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  1. Abstract

    Organic nitrates (RONO2) are an important NOxsink. In warm, rural environments dominated by biogenic emissions, nocturnal NO3‐initiated production of RONO2is competitive with daytime OH‐initiated RONO2production. However, in urban areas, OH‐initiated production of RONO2has been assumed dominant and NO3‐initiated production considered negligible. We show evidence for nighttime RONO2production similar in magnitude to daytime production during three aircraft campaigns in chemically distinct summertime environments: Studies of Emissions and Atmospheric Composition, Clouds, and Climate Coupling by Regional Surveys (SEAC4RS) in the rural Southeastern United States, Front Range Air Pollution and Photochemistry Experiment (FRAPPÉ) in the Colorado Front Range, and Korea‐United States Air Quality Study (KORUS‐AQ) around the megacity of Seoul. During each campaign, morning observations show RONO2enhancements at constant, near‐background Ox(≡ O3+NO2) concentrations, indicating that the RONO2are from a non‐photochemical source, whereas afternoon observations show a strong correlation between RONO2and Oxresulting from photochemical production. We show that there are sufficient precursors for nighttime RONO2formation during all three campaigns. This evidence impacts our understanding of nighttime NOxchemistry.

  2. Abstract

    We present a comparison of instruments measuring nitrogen oxide species from an aircraft during the 2015 Wintertime INvestigation of Transport, Emissions, and Reactivity (WINTER) campaign over the northeast United States. Instrument techniques compared here include chemiluminescence (CL), thermal dissociation laser‐induced fluorescence (TD‐LIF), cavity ring‐down spectroscopy (CRDS), high‐resolution time of flight, iodide‐adduct chemical ionization mass spectrometry (ICIMS), and aerosol mass spectrometry. Species investigated include NO2, NO, total nitrogen oxides (NOy), N2O5, ClNO2, and HNO3. Particulate‐phase nitrate is also included for comparisons of HNO3and NOy. Instruments generally agreed within reported uncertainties, with individual flights sometimes showing much better agreement than the data set taken as a whole, due to flight‐to‐flight slope changes. NO measured by CRDS and CL showed an average relative slope of 1.16 ± 0.01 across all flights, which is outside of combined uncertainties. The source of the error was not identified. For NO2measured by CRDS and TD‐LIF the average was 1.02 ± 0.00; for NOymeasured by CRDS and CL the average was 1.01 ± 0.00; and for N2O5measured by CRDS and ICIMS the average was 0.89 ± 0.01. NOybudget closure to within 20% is demonstrated. We observe nonlinearity in NO2and NOycorrelations at concentrations above ~30 ppbv that maymore »be related to the NO discrepancy noted above. For ClNO2there were significant differences between ICIMS and TD‐LIF, potentially due in part to the temperature used for thermal dissociation. Although the fraction of particulate nitrate measured by the TD‐LIF is not well characterized, it improves comparisons to include particulate measurements.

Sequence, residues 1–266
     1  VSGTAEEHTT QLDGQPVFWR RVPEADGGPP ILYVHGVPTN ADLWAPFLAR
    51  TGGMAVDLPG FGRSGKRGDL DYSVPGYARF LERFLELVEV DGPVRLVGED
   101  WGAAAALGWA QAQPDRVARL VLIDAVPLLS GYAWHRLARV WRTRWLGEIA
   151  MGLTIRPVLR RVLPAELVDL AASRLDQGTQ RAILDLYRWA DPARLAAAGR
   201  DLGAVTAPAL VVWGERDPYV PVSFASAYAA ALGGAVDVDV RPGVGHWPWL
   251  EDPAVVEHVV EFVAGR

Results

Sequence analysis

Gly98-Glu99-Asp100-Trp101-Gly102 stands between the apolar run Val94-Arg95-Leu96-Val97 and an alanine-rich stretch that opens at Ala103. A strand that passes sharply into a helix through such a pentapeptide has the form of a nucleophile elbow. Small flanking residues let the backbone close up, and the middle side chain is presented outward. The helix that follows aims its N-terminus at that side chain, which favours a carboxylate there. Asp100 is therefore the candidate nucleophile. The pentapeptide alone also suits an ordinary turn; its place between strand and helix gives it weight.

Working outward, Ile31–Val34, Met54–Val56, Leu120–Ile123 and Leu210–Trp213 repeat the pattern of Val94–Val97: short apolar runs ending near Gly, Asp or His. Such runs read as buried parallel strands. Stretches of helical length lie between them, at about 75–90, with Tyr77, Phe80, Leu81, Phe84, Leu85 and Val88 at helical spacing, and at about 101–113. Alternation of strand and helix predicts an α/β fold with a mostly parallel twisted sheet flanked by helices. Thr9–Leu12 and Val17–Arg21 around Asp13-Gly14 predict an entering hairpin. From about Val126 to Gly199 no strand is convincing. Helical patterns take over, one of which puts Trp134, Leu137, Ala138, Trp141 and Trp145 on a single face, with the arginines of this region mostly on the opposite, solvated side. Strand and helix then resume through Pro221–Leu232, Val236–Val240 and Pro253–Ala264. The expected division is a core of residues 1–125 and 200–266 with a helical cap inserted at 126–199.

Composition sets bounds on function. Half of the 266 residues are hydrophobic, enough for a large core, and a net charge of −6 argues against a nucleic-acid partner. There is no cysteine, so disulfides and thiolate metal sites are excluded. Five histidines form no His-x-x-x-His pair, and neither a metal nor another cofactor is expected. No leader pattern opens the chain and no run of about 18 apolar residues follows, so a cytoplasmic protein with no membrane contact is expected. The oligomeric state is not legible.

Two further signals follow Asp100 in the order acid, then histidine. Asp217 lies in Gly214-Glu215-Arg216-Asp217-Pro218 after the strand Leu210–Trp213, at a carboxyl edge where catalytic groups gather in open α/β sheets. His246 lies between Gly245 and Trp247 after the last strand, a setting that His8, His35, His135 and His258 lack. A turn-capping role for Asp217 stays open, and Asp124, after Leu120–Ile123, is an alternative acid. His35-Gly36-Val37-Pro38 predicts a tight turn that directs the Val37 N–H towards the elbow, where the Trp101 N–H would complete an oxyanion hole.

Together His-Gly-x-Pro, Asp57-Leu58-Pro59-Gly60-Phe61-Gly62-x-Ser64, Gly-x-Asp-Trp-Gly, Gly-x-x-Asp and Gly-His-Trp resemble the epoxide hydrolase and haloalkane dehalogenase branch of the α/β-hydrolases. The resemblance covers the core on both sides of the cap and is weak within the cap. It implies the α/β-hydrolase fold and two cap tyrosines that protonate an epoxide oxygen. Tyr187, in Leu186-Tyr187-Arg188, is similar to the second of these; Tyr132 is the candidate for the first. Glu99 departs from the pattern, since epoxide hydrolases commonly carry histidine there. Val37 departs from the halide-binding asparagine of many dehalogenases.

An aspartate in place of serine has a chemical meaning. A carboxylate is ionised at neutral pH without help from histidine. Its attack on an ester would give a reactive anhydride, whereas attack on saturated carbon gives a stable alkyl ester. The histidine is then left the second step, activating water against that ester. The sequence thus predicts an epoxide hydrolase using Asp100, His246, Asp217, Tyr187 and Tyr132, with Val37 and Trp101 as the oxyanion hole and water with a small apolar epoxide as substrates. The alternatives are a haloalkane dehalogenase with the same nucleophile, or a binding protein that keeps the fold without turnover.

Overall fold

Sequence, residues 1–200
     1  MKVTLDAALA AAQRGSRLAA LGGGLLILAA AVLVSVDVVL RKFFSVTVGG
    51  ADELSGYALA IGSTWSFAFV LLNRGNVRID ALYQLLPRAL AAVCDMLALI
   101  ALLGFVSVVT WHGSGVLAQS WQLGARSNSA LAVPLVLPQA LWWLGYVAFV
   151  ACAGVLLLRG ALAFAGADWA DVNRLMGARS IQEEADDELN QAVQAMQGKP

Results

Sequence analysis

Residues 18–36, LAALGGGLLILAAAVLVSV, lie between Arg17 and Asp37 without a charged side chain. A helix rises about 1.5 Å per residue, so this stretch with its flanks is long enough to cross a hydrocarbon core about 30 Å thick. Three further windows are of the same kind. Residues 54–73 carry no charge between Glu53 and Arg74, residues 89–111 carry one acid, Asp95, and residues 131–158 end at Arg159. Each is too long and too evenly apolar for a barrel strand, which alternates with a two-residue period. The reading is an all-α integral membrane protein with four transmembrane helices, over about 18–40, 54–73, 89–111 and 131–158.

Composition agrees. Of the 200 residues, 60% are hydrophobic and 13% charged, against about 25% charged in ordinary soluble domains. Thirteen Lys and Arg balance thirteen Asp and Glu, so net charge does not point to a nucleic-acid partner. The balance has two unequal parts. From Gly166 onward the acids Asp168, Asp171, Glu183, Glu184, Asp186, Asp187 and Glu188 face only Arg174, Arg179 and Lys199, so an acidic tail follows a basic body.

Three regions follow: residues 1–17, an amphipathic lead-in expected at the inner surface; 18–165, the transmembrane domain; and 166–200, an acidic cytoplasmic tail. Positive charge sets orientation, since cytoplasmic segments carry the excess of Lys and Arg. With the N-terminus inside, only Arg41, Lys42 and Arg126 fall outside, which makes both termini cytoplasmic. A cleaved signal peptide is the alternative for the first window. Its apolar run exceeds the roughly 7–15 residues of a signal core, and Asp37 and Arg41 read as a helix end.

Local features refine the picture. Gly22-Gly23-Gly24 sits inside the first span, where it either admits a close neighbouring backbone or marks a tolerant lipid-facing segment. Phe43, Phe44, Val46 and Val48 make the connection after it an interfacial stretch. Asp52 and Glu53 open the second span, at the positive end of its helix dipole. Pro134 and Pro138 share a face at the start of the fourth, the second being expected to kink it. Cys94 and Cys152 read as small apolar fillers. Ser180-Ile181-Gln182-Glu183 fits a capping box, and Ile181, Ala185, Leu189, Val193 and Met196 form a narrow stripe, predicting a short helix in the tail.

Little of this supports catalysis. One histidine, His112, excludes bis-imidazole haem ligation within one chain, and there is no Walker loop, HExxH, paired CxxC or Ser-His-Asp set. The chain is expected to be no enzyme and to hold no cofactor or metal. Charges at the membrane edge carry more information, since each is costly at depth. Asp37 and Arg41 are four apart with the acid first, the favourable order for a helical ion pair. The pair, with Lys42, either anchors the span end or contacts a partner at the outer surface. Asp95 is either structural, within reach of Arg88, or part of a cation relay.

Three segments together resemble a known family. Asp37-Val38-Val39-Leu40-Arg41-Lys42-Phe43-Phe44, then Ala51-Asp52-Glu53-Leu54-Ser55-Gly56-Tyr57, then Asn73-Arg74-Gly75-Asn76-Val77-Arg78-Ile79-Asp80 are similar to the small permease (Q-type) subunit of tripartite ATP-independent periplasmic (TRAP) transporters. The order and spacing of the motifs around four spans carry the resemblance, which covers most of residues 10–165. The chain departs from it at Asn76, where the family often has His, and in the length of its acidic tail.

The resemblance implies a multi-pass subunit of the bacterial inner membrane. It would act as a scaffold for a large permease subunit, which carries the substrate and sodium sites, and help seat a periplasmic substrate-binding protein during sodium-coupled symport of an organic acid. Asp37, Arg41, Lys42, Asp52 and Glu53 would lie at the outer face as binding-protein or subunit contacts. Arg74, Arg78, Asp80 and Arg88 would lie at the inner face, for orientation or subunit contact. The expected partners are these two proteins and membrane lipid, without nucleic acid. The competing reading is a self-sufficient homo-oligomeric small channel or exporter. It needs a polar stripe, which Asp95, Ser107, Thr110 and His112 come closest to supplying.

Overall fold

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  3. Abstract

    Nitryl chloride (ClNO2) plays an important role in the budget and distribution of tropospheric oxidants, halogens, and reactive nitrogen species. ClNO2is formed from the heterogeneous uptake and reaction of dinitrogen pentoxide (N2O5) on chloride‐containing aerosol, with a production yield,ϕ(ClNO2), defined as the moles of ClNO2produced relative to N2O5lost. Theϕ(ClNO2) has been increasingly incorporated into 3‐D chemical models where it is parameterized based on laboratory‐derived kinetics and currently accepted aqueous‐phase formation mechanism. This parameterization modelsϕ(ClNO2) as a function of the aerosol chloride to water molar ratio. Box model simulations of night flights during the 2015 Wintertime INvestigation of Transport, Emissions, and Reactivity (WINTER) aircraft campaign derived 3,425 individualϕ(ClNO2) values with a median of 0.138 and range of 0.003 to 1. Comparison of the box model median to those predicted by two other field‐basedϕ(ClNO2) derivation methods agreed within a factor of 1.3, within the uncertainties of each method. In contrast, the box model median was 75–84% lower than predictions from the laboratory‐based parameterization (i.e., [parameterization − box model]/parameterization). An evaluation of factors influencing this difference reveals a positive dependence ofϕ(ClNO2) on aerosol water, opposite to the currently parameterized trend. Additional factors may include aqueous‐phase competition reactions for the nitronium ion intermediate and/or directmore »ClNO2loss mechanisms. Further laboratory studies of ClNO2formation and the impacts of aerosol water, sulfate, organics, and ClNO2aqueous‐phase reactions are required to elucidate and quantify these processes on ambient aerosol, critical for the development of a robustϕ(ClNO2) parameterization.

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